Summer weather offers the perfect tableau to spend more time outside with your dog. The warmer weather leads to more dog park outings, longer walks, and family cookouts. While your pet will enjoy the additional excursions and more time with you, friends, and family, the activities could place them at a higher risk of illness or injury. By being aware of some of these hazards, you may avoid visiting a 24-hour emergency veterinarian.
Heat is one of the most dangerous components for your dog faces during summertime. As temperatures soar, so does their risk of heat exhaustion. Heat exhaustion can be brought on by several summer activities, including:
- Staying outside too long during elevated temperatures
- Walking, running, or playing during peak temperature hours
- Lacking shade
- Being in a hot house, car, or other enclosure
While your pet may enjoy long car rides, they should never be left in a parked car. Even on a cool, overcast day, your vehicle can heat up quickly. For example, on an 80-degree day, your vehicle can reach 125 degrees after an hour. Even with windows cracked and water available, your pet's body temperature can rise above a healthy temperature. The rise in the car's temperature can lead to heat exhaustion which you may be able to treat at home, or even heat stroke, which will need the services of a 24-hour emergency veterinarian.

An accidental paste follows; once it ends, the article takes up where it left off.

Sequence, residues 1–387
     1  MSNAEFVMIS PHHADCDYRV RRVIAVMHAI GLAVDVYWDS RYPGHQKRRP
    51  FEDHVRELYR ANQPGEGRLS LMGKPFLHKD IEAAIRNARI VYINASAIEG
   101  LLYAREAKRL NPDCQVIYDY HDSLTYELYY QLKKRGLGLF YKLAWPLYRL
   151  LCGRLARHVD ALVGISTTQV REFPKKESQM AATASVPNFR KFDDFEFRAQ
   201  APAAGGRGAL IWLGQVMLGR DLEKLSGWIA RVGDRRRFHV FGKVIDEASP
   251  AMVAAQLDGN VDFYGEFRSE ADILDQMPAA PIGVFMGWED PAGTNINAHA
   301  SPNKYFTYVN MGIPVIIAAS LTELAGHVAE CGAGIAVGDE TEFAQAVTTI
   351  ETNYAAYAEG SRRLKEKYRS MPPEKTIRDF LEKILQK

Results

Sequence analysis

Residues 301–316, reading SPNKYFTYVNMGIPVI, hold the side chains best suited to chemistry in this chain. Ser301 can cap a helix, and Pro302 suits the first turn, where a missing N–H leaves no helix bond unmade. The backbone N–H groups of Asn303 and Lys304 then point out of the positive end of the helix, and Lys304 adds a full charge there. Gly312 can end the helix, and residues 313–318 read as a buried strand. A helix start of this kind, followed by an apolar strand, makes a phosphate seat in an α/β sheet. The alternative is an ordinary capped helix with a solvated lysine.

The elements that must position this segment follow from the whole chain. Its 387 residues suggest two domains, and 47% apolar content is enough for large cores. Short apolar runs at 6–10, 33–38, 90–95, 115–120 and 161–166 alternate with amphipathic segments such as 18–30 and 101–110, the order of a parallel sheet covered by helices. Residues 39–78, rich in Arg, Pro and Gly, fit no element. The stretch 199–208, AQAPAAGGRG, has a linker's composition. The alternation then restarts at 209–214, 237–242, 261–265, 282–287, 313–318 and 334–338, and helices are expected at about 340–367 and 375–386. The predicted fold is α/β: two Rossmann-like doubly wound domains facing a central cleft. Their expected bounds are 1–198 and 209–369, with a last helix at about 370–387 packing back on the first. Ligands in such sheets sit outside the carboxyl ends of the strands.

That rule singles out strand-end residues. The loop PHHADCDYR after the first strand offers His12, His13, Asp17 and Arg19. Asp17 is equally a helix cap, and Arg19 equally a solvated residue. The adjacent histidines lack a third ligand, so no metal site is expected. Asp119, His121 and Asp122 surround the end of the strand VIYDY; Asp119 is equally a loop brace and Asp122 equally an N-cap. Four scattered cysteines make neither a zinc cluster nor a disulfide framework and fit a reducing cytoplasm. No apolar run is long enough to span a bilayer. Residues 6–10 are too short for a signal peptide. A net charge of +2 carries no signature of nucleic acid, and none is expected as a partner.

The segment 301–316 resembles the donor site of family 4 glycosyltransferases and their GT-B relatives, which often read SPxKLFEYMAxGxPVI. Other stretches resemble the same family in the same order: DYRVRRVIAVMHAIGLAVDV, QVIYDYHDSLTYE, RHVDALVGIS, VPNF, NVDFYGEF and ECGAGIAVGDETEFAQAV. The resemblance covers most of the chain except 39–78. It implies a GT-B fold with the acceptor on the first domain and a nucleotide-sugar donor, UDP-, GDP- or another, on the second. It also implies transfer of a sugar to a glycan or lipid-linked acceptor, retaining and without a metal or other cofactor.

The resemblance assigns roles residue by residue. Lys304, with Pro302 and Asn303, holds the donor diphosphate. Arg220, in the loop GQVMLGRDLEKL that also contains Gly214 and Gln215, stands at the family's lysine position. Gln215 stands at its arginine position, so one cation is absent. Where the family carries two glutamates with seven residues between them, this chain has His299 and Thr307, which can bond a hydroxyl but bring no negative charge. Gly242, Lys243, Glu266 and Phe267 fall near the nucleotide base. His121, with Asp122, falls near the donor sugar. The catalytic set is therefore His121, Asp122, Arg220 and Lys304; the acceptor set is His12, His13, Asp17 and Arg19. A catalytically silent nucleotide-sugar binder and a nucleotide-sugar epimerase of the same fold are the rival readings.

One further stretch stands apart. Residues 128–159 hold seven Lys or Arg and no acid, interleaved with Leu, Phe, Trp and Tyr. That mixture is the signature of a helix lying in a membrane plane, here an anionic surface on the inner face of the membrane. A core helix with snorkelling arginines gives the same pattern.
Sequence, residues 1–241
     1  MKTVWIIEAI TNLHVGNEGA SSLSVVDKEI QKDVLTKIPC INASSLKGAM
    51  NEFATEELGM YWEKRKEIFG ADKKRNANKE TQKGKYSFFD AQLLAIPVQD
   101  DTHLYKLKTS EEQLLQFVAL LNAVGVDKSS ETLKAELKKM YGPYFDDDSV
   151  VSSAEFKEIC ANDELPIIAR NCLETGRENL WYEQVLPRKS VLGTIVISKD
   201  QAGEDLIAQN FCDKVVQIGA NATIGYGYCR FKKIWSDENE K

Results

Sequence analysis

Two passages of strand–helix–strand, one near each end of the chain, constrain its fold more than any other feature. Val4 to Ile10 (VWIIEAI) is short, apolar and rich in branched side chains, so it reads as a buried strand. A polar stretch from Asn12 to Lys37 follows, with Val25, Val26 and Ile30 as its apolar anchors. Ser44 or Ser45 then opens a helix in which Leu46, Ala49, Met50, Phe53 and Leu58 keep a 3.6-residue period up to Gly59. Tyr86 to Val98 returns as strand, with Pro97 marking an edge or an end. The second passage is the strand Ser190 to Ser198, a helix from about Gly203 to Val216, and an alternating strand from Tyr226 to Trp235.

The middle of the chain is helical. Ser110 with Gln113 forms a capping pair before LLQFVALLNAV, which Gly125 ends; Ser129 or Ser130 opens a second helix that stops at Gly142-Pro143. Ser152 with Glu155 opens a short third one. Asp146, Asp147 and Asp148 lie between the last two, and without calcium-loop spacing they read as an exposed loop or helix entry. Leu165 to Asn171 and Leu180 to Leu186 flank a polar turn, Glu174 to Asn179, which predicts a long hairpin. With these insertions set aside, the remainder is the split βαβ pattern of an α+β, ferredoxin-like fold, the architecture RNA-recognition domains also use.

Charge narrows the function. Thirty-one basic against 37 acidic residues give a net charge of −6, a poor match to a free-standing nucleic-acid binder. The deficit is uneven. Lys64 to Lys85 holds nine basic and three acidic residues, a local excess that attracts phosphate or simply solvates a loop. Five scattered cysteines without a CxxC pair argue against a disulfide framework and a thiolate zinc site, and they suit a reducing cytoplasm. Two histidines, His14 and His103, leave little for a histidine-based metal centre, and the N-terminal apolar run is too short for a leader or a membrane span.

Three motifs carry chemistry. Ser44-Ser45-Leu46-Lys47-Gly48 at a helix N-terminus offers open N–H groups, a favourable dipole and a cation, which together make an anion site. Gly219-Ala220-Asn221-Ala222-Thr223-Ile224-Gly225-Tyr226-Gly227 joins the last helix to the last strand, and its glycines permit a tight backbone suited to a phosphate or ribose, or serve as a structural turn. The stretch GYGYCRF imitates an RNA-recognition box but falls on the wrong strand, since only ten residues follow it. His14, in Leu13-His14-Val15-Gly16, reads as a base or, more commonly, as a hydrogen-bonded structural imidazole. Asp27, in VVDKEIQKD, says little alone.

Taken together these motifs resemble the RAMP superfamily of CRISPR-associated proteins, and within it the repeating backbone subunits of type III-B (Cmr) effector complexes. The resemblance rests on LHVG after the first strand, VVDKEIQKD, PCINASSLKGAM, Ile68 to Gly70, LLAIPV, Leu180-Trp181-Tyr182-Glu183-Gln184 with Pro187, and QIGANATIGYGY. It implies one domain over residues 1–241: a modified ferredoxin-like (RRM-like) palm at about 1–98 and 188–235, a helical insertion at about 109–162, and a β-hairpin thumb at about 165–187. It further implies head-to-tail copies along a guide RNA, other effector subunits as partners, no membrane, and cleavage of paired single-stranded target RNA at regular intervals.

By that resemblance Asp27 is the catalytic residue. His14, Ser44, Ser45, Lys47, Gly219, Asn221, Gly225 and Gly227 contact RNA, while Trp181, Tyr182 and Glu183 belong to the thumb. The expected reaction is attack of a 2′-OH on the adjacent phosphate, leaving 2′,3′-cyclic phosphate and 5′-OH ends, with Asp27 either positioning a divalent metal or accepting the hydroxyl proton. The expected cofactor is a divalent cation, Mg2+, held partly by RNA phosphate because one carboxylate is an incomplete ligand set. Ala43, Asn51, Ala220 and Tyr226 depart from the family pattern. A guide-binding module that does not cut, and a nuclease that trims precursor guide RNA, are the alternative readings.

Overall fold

If your dog can't resist chewing on everything they pass by, be aware that many plants in your garden can quickly cause gastric distress in your pet. Some of these include:
There are numerous others. If your pet begins vomiting or experiencing severe diarrhea after spending time outside, call your emergency vet and report that they may have eaten something they should not have.
Everyone loves a cookout, BBQ, or picnic. While it can be a great gathering of family and friends, you may want to be aware such parties can pose a risk for your pet. Non-pet owners do not always understand the risk that human foods can often pose to dogs.
Be careful about allowing people to slip your pet picnic-related foods. Even bones can pose a choking and splintering risk to your pet. The tartaric acid in grapes and raisins found in many summer treats can be poisonous and cause vomiting and diarrhea. The last thing you want to do following a cookout is spend the rest of the evening at your 24-hour emergency veterinarian.
Contact a local vet office, such as South Seattle Veterinary Hospital, to learn more.